December , 1934 AIRCRAFT ENGINEERING 319 Th e Salmson Engine Firm Return to Aeroplane Design wit h a Three-Seater Tourer B y R. J. de Marolles EROPLAN E manufacturers exhibit a the adjustable tailplane; the latter is thus growing tendency towards building their more rigid and secure. own engines; conversely, there are The wing-folding device is specially in­ instances of engine manufacturers starting teresting ; it is fitted with a mechanism which aeroplane construction. This is not exactly automatically compensates for the slack in the tru e of Société Salmson, the well-known control cables when the wings are folded. engine firm, since this concern produced large As soon as the wings are restored to Hying quantities of military machines during the war position, the controls are in working order an d has brought out some new designs since without further attention. The width folded tha t period. Its directors recently decided to is 3·47 m. (11·35 ft.). re-enter the field of aeroplane design with a The wings are fitted with slotted ailerons machine intended to provide for the require­ and camber flaps, resulting in excellent con­ ment s of the private owner. Hence the trol at high angles and landing speed. The Phrygane , as it has been christened after latte r is only 54 k.p.h. (34·6 m.p.h.), which is a particular species of butterfly. This high- excellent for a machine loaded to 10 lb./sq. ft. wing three-seater monoplane, fitted with a The speed range reaches the figure of 3·5, the 135-h.p. Mk. 9 Nc. Salmson engine, is the maximum speed being 195 k.p.h. (121 m.p.h.). forty-sixth design produced by the well-known Many features are incorporated which are engineer, M. Deville, who, after starting his copied from those which motor-car owners are aeronautical career in 1911 with the Clement- accustomed to; for instance, the automatic Bayard firm, later became a member of the starte r is brought into action from the pilot's technical staff of the Breguet-Salmson works seat by pressure on a pedal. The latter, PRINCIPA L CHARACTERISTICS in England. M. Deville is a very practical man incidentally, is provided with an ingenious Spa n 11·7 m . (38·4 ft.) an d he contends that small points which are Lengt h 7·66 m. (25·1 ft.) locking device, preventing the passenger's feet Heigh t 2·36 m. (7·7 ft.) often overlooked by designers of repute are from inadvertently fouling it in flight. The Clionl 2·0 m . (6·55 ft.) worthy of exhaustive study, as they go a long Area 22·5 sq. m. (242·5 sq. ft.) body work and its fittings are made in the works Tar e weight 643 kg. (1,420 lb.) way towards making all the difference between of Autombiles Salmson. The external finish is Payloa d 264 kg. (543 lb.) a perfect engineering job, which is however a Fue l load . .. 12(5 kg. (278 lb.) exceptionally lasting; it is designed to be Useful load 457 kg. (1,009 lb.) nightmare to maintain, and a possibly less washed under pressure with a hose-pipe, a Gross weight 1,100 kg. (2,429 lb.) ambitious machine which is simple and easy to Win g loading 49 kg./sq.m. (10 lb./sq.ft.) feature which will be appreciated in winter Powe r loading 8·2 kg./h.p . (18 lb./h.p.) use or maintain. when mud rapidly accumulates on the fuselage. Power pe r unit area .. .. 6 h.p./sq.m. (0·555 h.p./sq.ft.) Maximu m speed .. .. .. .. 195 k.p.h . (121 m.p.h.) Incidentally, the latter is provided with a large The Phrygane, therefore, bristles with in­ Cruising speed 166 k.p.h. (103 m.p.h.) inspection door allowing insertion of the head genious features which evidence careful atten­ Landin g speed 54 k.p.h. (34·6 m.p.h.) Startin g run 98 m . (107 yds.) t o inspect the structure and controls. All tion to a number of practical details; it has Landin g run 57 in. (63 yds.) cables, which are duplicated, are open to been submitted to very complete tests and Absolut e ceiling 6,500 m. (21,325 ft.) Servic e ceiling 5,800 m. (19,029 ft.) examination throughout their entire length. represents one of the most advanced attempts Clim b to 360 m. (1,181 ft.) 2 min . 10 sec. There is a comprehensive tool-roll supplied a t the ideal machine for the private owner. Rang e 1,000 km. (622 miles) with the machine. To reduce maintenance, The latter, unless he happens to be a real speed control-surface hinges are provided with special enthusiast, appears to prefer the high-wing bearings which do not need lubrication. monoplane, but often complains of a too restricted field of vision, particularly above and Constructionally, the wing structure com­ rearwards, which is particularly disastrous when prises two box-section spars and normal ribs, flying near busy aerodromes, where the air is th e whole being made of wood with fabric ap t to be somewhat crowded. The machine covering. The bracing is by Vee struts, the is provided with large windows extending well apex of which runs to the bottom of the fuselage behind the cabin and the entire roof is covered a t a point just below the rear spar. The part with transparent Rhodoid. There are three of the wings aft of the latter is a separate doors, with horizontal hinges at the top ; a structure hinged to allow for the folding. locking device enables these to be kept opened, The fuselage is of mixed construction, the thus facilitating entrance or exit while on the front part being made of welded steel tubes, ground and making parachute jumps in case while the rear portion is a normal wooden of emergency particularly easy. structure with fabric covering. The 9-cylinder The three seats are very "modernistic," Salmson engine is installed on a welded being of chromium-plated steel tube furnished mounting secured to the fireproof bulkhead through flexible connections. The front part with cloth cushions to match the interior of the fuselage is metal-covered, with particu­ decoration. A special attache case fits under each seat, where it is securely held by safety larly large inspection panels. A ring cowling is straps. fitted round the cylinders, while the exhaust is carried away through a remarkably efficient The controls are operated by a centrally silencer discharging through a pipe extending disposed column, fitted with a particularly under the fuselage well behind the cabin. The ingenious device in the form of an adjustable petrol tanks are housed inside the wings; their handle, which allows either of the occupants of the front seats to pilot the machine with capacity is 164 lit. (36·2 gals.). Metal-armoured flexible piping is used throughout. th e maximum of comfort. Direction of control is by pedals, a hand lever operating the differ­ The tail surfaces are of all wood construction ential brakes. Another set of levers con­ with fabric covering, except for the fin which is veniently placed controls the camber flaps built of welded steel tubes. and the trimming inset flap mounted on the The landing gear is of orthodox design, elevators. The aeroplane can be flown hands comprising two independent tripods with elastic off with any load without recourse to the legs and faired low-pressure tyred wheels. A somewhat heavy and complicated system of small swivelling tail wheel is fitted.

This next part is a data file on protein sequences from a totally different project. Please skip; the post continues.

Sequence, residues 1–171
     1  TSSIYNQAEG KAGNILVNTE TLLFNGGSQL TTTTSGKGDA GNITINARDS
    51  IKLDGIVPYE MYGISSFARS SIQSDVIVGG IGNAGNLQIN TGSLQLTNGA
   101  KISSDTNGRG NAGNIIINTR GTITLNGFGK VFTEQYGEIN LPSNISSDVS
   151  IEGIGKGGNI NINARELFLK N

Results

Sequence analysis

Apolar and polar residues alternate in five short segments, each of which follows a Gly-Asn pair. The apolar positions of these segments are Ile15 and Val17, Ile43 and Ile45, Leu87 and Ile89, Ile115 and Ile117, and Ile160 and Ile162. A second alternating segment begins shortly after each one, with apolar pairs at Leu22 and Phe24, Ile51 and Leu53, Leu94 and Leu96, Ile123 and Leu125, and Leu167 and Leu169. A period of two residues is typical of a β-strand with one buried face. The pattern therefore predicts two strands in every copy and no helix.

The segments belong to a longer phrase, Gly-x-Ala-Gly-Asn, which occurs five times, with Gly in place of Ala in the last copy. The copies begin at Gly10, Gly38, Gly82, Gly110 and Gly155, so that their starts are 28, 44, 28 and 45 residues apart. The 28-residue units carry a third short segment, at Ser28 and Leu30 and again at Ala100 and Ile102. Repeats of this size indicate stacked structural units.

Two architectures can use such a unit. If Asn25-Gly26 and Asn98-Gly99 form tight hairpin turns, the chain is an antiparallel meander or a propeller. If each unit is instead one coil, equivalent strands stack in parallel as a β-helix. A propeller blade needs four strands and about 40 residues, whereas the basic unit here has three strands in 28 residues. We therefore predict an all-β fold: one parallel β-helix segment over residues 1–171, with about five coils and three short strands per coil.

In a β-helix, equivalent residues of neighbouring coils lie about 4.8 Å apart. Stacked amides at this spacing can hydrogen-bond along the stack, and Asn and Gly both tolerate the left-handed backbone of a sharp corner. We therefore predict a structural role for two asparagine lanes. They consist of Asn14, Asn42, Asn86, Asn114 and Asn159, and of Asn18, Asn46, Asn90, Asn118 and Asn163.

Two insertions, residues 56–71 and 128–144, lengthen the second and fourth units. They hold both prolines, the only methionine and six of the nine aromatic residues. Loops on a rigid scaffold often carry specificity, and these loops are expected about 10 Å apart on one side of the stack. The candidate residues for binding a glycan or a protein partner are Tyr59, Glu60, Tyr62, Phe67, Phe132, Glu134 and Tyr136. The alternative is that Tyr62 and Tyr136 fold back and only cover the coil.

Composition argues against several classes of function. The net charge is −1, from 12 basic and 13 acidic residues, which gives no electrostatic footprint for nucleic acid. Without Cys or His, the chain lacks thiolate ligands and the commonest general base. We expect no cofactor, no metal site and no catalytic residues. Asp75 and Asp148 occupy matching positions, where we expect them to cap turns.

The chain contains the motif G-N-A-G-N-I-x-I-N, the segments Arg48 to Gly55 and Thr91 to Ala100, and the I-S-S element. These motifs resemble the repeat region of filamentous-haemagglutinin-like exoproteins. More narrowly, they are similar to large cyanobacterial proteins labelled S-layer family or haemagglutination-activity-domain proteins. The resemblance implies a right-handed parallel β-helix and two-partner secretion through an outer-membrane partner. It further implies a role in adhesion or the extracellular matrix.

Journal

Aircraft Engineering and Aerospace TechnologyEmerald Publishing

Published: Dec 1, 1934